On May 22 we welcomed Miss Afton Rose into the world. The day before, on May 21, I became a United States citizen. The timing was a little scary for me because you cannot mess around with the immigration people. The last thing I wanted was to go into labor on the 20th and have to miss my swearing in ceremony! Thankfully, Afton cooperated, and all went well (unless you don’t like waiting around an auditorium for hours on end!).
I was very lucky to have my father there and also some very patriotic friends who wanted to show their support. We even had a little barbeque after so that we could celebrate. If you’ve never been to one of these ceremonies before, there are many, many people. On the day of my swearing in I think there were over 400 new citizens from over 80 countries. They call each country and have everyone from that country stand. I;m pretty sure that I was the only one from Canada, but my cheering section was very large!
So, just in case you’re wondering, here’s why I became a citizen:
I am Canadian by birth, and I love Canada. It is where I came from and what shaped me. I liked growing up in Canada. I liked the education, and I really liked the food. I was pretty certain that I was going to marry a Canadian and spend all my days in Canada.
I had no idea that I would marry an American, and not just any American, a southerner. It was one of the things that worried me a little bit when we were dating. Would my northern sensibilities mesh well with his southern charm?! It didn’t really occur to me right away to get citizenship. The process of getting a work permit and traveling papers and a green card is somewhat arduous, and I didn’t really relish the idea of more paper work and more cashiers checks made out to the USCIS.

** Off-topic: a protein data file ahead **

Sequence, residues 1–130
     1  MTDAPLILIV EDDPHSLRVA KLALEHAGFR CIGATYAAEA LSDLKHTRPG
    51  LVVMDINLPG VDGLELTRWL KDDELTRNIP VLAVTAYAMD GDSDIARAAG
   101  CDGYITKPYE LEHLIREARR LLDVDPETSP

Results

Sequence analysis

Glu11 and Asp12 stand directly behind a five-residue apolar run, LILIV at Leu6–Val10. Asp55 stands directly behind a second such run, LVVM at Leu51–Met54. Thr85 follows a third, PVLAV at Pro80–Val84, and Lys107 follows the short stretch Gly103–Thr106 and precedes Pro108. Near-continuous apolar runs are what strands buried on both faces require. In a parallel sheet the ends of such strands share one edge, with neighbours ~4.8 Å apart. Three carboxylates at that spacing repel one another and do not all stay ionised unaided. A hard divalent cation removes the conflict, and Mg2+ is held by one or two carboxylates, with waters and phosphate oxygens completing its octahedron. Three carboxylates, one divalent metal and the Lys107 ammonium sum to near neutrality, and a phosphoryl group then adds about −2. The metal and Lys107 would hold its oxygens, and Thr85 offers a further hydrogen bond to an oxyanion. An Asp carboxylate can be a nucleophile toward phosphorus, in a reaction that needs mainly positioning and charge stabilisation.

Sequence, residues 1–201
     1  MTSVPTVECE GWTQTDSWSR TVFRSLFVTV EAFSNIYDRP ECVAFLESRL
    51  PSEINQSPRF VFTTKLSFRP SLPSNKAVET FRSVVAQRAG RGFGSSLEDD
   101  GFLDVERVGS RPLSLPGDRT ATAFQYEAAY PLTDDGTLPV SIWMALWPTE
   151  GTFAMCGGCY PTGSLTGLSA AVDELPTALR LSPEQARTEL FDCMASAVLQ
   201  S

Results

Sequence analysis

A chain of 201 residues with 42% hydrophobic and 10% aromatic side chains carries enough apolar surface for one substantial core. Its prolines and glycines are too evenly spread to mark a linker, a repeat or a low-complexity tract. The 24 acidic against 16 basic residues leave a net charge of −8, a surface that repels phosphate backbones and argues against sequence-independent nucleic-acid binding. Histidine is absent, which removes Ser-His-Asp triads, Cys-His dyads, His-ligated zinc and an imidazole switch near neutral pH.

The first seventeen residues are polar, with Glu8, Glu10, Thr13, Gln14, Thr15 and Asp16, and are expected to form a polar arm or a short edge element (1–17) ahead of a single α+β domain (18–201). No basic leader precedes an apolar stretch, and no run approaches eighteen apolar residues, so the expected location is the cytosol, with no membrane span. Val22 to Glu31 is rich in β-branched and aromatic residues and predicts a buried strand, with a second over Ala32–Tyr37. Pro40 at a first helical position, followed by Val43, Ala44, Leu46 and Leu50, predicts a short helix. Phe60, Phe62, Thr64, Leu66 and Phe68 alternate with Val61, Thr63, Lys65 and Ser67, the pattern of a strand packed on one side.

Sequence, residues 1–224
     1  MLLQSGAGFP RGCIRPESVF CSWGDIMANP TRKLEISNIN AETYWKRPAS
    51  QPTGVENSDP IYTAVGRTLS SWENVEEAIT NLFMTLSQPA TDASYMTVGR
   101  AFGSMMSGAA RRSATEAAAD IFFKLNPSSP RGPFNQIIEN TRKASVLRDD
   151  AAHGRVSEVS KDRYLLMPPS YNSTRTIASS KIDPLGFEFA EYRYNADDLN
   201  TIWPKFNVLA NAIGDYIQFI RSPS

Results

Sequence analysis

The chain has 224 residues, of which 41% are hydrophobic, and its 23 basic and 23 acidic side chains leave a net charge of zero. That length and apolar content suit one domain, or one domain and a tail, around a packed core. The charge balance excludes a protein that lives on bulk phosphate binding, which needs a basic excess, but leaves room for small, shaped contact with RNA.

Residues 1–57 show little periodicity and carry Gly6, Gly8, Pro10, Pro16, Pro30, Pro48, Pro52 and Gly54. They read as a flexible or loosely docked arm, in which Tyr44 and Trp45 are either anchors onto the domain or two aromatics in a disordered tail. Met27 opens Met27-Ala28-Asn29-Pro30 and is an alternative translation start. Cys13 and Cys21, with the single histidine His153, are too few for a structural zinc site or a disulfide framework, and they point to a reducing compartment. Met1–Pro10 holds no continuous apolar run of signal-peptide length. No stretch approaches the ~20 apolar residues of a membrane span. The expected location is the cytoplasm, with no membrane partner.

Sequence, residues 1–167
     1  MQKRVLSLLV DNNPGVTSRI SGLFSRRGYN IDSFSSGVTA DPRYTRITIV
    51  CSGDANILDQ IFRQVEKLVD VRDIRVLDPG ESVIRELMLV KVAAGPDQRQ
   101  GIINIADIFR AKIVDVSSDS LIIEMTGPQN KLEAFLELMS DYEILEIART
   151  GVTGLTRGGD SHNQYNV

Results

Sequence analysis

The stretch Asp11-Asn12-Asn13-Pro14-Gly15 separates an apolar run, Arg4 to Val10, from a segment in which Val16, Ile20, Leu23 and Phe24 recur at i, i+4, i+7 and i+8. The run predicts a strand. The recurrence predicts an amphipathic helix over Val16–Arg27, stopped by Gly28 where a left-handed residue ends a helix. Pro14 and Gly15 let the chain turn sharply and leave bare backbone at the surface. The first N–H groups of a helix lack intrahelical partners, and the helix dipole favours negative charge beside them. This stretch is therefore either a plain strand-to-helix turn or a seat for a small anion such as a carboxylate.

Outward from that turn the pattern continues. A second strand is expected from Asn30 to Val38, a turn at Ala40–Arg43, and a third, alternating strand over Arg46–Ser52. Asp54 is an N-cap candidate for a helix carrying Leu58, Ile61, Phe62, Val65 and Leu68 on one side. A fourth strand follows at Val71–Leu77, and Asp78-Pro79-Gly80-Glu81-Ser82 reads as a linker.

Then I started having children … American children. There’s somehing nice about everyone in the family having passports from the same country. There’s something very nice about not being grilled by the customs agent every time I cross the border. There will also be something very nice about voting in my first election.
I like to consider myself pretty well versed in what’s going on around the world, and it was extremely frustrating not being able to have more than an opinion. I wanted a say. Now I have it. There is also a responsibilibty, though. For those of you who haven’t ever looked at the oath, you should check it out here.
The ceremony was fairly emotional for me. I’m sure part of it was the hormones associated with being nine months pregnant, but part of me felt like I was leaving a part of who I am behind. At the same time though, I have felt very welcomed here. I am loving being American and being able to say what I think and having it count for something. It was very nice to be able to accompany my little sister into the back customs office at the airport and not be afraid of having the guy not let me into the country!
So, although I still say, “zed” and “chesterfield,” I am feeling very at home here. I love this country, and I love what it stands for.
But, if you want to know where I came from, check this out: